King Penguins' habitat threatened by global warming: study

Failure to cut greenhouse gas emissions to address climate change, by the end of the century, could see 70 per cent of king penguins needing to either find a new home or die, according to new research.

King penguins inhabit islands scattered throughout the Southern Ocean, which surrounds Antarctica.

The birds depend on lanternfish, squids, and krill in the waters circling the continent. They can swim 310 kilometres into the waters for their food.

However, according to projections of climate models this food belt will move closer and closer to the South Pole, forcing the penguins to swim farther to catch their meals and by 2100, the penguins are expected to migrate to other islands or as many as 70 per cent of them could disappear, according to a study published yesterday in Nature Climate Change.

''Wow,'' says Michelle LaRue, a research ecologist at the University of Minnesota, who was not part of the study. ''That's not something I would have expected,'' The Verge reported.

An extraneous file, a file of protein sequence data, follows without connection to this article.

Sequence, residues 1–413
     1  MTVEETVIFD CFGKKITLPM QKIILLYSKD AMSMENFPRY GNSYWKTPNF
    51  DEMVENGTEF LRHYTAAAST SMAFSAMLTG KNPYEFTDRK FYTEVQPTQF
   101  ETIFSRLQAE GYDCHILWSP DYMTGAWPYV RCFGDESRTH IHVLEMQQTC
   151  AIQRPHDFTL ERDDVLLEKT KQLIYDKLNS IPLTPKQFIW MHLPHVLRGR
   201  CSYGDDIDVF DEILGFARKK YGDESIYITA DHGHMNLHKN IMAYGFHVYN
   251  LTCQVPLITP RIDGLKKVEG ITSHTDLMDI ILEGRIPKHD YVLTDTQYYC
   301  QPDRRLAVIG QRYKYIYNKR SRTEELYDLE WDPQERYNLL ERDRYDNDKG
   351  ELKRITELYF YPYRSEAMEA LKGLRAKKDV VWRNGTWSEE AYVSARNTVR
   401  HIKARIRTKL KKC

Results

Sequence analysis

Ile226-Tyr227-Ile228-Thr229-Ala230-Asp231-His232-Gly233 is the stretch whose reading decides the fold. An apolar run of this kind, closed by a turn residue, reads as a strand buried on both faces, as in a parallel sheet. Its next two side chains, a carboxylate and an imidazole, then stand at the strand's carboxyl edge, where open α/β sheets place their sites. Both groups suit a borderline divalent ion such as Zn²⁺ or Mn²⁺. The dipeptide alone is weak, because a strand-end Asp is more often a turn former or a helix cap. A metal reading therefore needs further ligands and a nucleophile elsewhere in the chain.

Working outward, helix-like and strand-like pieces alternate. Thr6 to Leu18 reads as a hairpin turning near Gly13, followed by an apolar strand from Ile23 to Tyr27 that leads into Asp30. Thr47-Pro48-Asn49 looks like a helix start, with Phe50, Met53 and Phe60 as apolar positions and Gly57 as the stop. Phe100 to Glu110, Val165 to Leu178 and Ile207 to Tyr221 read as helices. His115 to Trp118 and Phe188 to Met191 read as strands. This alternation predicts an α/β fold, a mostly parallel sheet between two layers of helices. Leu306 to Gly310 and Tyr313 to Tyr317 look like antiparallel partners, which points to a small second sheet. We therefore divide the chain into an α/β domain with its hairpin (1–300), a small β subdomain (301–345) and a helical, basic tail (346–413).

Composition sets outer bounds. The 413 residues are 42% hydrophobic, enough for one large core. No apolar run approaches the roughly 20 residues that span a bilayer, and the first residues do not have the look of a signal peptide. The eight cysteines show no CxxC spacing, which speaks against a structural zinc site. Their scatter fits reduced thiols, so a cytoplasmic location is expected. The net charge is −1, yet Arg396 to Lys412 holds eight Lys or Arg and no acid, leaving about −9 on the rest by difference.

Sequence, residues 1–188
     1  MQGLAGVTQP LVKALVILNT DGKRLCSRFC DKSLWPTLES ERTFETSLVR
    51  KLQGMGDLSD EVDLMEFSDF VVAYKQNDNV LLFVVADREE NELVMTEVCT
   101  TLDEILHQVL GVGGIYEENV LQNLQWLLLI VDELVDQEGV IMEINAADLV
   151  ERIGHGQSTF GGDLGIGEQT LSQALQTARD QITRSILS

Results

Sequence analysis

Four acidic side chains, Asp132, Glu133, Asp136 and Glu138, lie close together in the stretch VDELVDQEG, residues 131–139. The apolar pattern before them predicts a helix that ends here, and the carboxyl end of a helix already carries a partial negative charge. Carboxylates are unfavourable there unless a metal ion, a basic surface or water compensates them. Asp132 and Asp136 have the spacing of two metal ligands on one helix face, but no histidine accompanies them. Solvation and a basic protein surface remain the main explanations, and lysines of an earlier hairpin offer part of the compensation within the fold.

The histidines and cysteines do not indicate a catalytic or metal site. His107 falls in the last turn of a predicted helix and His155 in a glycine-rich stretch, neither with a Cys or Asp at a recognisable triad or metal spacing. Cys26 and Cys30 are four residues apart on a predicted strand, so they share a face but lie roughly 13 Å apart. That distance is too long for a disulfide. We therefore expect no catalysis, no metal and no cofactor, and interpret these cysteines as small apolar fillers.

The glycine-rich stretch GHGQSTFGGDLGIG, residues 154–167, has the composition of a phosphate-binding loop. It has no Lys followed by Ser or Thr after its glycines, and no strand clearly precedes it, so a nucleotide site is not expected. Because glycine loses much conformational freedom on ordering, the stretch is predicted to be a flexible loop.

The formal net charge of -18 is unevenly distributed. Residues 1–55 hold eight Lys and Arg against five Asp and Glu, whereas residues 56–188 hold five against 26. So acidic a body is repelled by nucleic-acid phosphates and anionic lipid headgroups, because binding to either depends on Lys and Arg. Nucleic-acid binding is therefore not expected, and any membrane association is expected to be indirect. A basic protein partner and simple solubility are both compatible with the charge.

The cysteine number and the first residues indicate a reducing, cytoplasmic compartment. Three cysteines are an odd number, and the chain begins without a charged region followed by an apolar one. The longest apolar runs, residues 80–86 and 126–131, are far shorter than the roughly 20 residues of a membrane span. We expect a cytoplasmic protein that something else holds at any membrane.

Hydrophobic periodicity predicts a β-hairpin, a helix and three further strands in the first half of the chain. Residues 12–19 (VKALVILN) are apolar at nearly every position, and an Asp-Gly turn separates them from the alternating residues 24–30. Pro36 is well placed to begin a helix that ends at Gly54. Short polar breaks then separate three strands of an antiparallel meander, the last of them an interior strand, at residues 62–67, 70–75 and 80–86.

Unlike their closest relatives, the emperor penguin, king penguins do not live on sea ice, rather they only live on ice-free islands. In a warming world, therefore, one would expect penguins that do not need ice to breed to fare just fine, LaRue told The Verge.

"The species may disappear," study co-author Celine Le Bohec, a scientist at the University of Strasbourg, told Agence France Presse.

The king penguin is among several threatened species of penguins in Antarctica. Earlier studies had revealed that other species, such as the emperor, Adelie and chinstrap are also in danger of extinction or severe population loss due to climate change.

What is also a greater problem is that the penguins cannot move with the fish. "The main issue is that there are only a handful of islands in the Southern Ocean and not all of them are suitable to sustain large breeding colonies," said study co-author Robin Cristofari, also of the University of Strasbourg.